As people around the world try to envision recovery from the COVID-19 pandemic, much attention has been paid to antibody testing as a way to identify people who have developed immunity to the virus.
Perhaps those with antibodies could be given “immunity passports,” allowing health care workers to return to the front lines, and a subset of the population to reopen the economy.
Even as scientists at UC San Francisco and across the world rush to develop and validate antibody tests for the novel coronavirus, they are cautious about how the tests should be used. Too much is still unknown about immunity to COVID-19 and the performance of the tests, they say.
We spoke to three UCSF experts—pathologist Alan Wu, Ph.D.; infectious disease specialist Chaz Langelier, M.D., Ph.D.; and pathologist Jonathan Esensten, M.D., Ph.D.—about how antibody testing works, who it can be most useful for and why we should be cautious.
What’s an antibody anyway?
Antibodies are Y-shaped proteins that bind to specific foreign substances in our bodies, such as SARS-CoV-2, the virus that causes COVID-19. They fight infection by blocking parts of the virus needed to infect a cell or by marking them for destruction by the immune system.
Antibodies are produced by immune cells known as B cells. The incredible range of antibodies we can produce stem from the incredible range of B cells we have. When we are infected with a virus, a small set of B cells recognizes the virus and, over a couple of weeks, with the help of other immune cells known as T cells, they learn to produce stronger and stronger antibodies to the virus. These B cells mature and multiply into factories for antibody production known as plasma cells.
Experts generally believe that if you develop antibodies to the novel coronavirus, then you have at least temporary immunity from reinfection, although they stress that this is still unproven and that the parameters of that immunity are still unknown.
“Everybody wants to be believe that if I have antibodies, I’m immune,” said Wu. “Well, we can’t be certain of that. The antibody test for this virus hasn’t been around long enough to show that nobody can get infected again if they have antibodies.”
Both optimism and caution stem from what we know about other coronaviruses. Studies of the seasonal coronaviruses that cause the common cold have shown that people are protected from reinfection by the same strain for at least a year before immunity wanes. For the SARS and MERS coronaviruses, antibodies appear to persist for several years, but no studies have intentionally attempted to re-infect people, since these are deadly diseases.
For the novel coronavirus, known as SARS-CoV-2, a study in two rhesus macaques that had recovered from the virus found that they could not be reinfected a few weeks later.
“So that experiment tells us that, at least in a non-human primate model, antibody mediated responses likely protect them from recurrent infection,” said Langelier. “What we don’t know is whether that extends completely to humans or not. And we don’t know how long that protection lasts.”
In South Korea, more than a hundred patients have tested positive again after being discharged from the hospital, but it’s not clear that these represent re-infection, or are the result of faulty testing.
Langelier also noted that the strength of the immune response can vary from person to person. A recent, not yet peer-reviewed study of 175 recovered COVID-19 patients found that only 70 percent developed high antibody titers, meaning their blood contained high concentrations of antibodies to the virus, whereas 25 percent had lower titers, and 5 percent had no detectable antibodies.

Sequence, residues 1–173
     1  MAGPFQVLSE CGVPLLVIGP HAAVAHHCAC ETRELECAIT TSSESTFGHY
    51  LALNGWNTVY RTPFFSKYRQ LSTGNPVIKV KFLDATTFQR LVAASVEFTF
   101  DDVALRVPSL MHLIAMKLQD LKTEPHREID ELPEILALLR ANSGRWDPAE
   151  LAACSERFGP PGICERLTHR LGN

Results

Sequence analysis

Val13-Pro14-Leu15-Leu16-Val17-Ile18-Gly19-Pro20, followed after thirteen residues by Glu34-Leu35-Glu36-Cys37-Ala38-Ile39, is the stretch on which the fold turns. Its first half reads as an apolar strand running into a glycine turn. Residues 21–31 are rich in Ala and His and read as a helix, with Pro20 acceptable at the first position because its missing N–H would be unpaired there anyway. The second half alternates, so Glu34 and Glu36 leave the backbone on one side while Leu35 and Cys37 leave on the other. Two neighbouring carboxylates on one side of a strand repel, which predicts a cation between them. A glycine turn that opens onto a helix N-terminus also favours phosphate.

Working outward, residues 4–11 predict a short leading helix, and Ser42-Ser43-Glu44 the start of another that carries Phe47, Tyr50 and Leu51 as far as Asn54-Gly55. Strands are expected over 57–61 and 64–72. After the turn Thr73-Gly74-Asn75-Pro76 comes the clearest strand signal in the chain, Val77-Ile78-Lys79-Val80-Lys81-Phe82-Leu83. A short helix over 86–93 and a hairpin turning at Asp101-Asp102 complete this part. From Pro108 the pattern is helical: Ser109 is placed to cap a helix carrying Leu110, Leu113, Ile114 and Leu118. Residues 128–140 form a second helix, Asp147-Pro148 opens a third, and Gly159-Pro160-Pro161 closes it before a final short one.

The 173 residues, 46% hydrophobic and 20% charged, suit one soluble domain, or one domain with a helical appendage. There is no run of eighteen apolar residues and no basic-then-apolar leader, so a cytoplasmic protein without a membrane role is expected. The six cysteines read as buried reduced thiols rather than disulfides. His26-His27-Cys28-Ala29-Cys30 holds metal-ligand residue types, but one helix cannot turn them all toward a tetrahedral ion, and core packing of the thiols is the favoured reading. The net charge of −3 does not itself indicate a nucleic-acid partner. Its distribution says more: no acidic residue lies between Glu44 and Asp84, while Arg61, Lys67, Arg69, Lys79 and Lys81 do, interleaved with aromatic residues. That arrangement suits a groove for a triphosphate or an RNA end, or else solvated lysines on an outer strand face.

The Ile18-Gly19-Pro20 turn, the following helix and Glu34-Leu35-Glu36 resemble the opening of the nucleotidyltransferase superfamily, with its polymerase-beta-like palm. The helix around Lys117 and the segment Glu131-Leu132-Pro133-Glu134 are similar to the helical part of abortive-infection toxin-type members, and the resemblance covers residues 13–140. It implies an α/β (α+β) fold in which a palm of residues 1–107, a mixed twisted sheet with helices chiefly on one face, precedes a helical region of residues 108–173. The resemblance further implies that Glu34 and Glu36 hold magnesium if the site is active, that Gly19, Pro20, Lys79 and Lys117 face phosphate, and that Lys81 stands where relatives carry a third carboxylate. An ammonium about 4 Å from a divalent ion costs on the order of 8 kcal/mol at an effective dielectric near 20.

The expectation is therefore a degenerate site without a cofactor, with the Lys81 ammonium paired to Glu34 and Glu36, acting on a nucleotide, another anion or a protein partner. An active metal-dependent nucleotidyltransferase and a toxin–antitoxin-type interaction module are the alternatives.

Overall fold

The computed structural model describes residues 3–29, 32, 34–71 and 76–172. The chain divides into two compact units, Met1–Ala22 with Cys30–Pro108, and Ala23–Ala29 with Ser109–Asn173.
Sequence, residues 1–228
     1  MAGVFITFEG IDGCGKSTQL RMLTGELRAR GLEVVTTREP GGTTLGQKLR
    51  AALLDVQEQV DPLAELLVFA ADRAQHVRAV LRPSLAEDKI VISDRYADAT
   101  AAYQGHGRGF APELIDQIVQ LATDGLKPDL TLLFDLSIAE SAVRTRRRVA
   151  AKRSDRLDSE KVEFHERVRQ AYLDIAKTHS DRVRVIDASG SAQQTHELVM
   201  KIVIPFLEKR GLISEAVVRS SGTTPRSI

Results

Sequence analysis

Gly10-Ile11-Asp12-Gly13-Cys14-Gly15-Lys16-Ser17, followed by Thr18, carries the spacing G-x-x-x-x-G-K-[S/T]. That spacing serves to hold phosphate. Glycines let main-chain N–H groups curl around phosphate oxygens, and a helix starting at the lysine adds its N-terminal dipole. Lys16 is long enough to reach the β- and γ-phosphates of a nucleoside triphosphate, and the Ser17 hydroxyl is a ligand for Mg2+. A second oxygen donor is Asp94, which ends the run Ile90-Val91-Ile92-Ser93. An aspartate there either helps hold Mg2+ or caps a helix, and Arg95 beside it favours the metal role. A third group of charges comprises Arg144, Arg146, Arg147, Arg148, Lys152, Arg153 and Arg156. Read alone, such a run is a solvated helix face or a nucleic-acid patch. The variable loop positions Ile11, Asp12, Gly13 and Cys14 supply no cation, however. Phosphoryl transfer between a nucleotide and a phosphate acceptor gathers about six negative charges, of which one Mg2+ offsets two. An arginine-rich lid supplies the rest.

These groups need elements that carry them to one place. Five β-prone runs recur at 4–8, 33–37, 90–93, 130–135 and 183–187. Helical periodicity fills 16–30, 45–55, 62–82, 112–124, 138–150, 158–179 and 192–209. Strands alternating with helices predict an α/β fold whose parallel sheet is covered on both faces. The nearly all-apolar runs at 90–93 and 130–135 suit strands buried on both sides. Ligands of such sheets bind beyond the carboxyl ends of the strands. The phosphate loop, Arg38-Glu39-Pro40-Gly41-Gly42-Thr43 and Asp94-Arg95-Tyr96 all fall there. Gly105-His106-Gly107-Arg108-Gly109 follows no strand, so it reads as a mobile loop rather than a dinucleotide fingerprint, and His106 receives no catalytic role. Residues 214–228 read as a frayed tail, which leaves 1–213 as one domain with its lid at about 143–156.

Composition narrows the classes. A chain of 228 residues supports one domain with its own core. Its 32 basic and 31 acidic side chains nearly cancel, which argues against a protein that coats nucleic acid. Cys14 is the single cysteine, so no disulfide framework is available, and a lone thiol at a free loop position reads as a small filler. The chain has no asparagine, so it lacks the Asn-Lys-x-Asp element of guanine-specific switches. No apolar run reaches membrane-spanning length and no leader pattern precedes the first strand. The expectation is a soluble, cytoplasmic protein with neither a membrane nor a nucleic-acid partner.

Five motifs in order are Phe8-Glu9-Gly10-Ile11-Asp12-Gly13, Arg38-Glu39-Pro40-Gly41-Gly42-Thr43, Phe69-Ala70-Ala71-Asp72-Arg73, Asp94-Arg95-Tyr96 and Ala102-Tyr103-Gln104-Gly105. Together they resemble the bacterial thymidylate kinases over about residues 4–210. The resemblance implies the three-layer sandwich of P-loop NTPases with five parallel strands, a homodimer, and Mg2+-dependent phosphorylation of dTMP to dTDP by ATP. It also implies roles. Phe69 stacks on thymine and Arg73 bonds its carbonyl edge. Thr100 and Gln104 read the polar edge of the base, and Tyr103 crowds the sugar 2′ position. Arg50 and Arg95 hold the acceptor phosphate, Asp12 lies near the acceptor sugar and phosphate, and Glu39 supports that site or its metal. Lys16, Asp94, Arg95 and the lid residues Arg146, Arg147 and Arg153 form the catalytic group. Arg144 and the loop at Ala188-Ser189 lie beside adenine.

hting climate change
Humanity bounces from one crisis to another as history shows us. Food waste and climate change are perhaps part of the same crisis. Now, research published in the International Journal of Global Warming suggests that finding secondary uses for food waste might reduce the overall impact of this problem.
Mustafa Özilgen and colleagues at Yeditepe University, in Istanbul, Turkey, explain how the issue is a self-perpetuating problem: “Global warming increases the food waste; in return, the food waste causes further increase in global warming,” they say. Remedies that have been suggested at least for kitchen waste suggest that burning such waste instead of fossil fuels might help. The team has now used thermodynamic calculations to show that food waste from a fast food outlet after compression and drying to produce one tonne of waste could be used to generate 3.5 gigawatts.
They have estimated that all the fruit and vegetable waste in Turkey, including agricultural waste, could produce 7.2 gigajoules of energy each year. Of course, part of the problem of food waste is the plastic and paper packaging and some of this will be a component of the overall dried and compressed material from the food outlets.
“Our analysis indicates that trying to find a secondary use for food waste is not a feasible process, when compared with electric power production via combustion in a Rankine cycle with regeneration,” the team reports. There may well be niche secondary uses for normally inedible fruit peel, vegetable stems, and other unusable plant materials that do not simply involve burning them for energy, but thermodynamically we would benefit more from burning such food waste instead of fossil fuels.
How does antibody testing work?
Currently, the Food and Drug Administration (FDA) has authorized only four antibody tests for COVID-19, but it has also loosened restrictions to allow companies to sell antibody tests that have not been scientifically reviewed by the FDA, as long as the companies validate their own tests and notify the FDA. More than 90 companies now have tests on the market, but it’s not clear how well they work and how they compare to each other.
Antibody tests, also known as serological tests, are nothing new and are commonly used to confirm vaccinations or to monitor infections like HIV. Though methods vary, an antibody test essentially uses an antigen, which mimics a part of the virus, as bait, and has a signal that registers whether antibodies have taken the bait.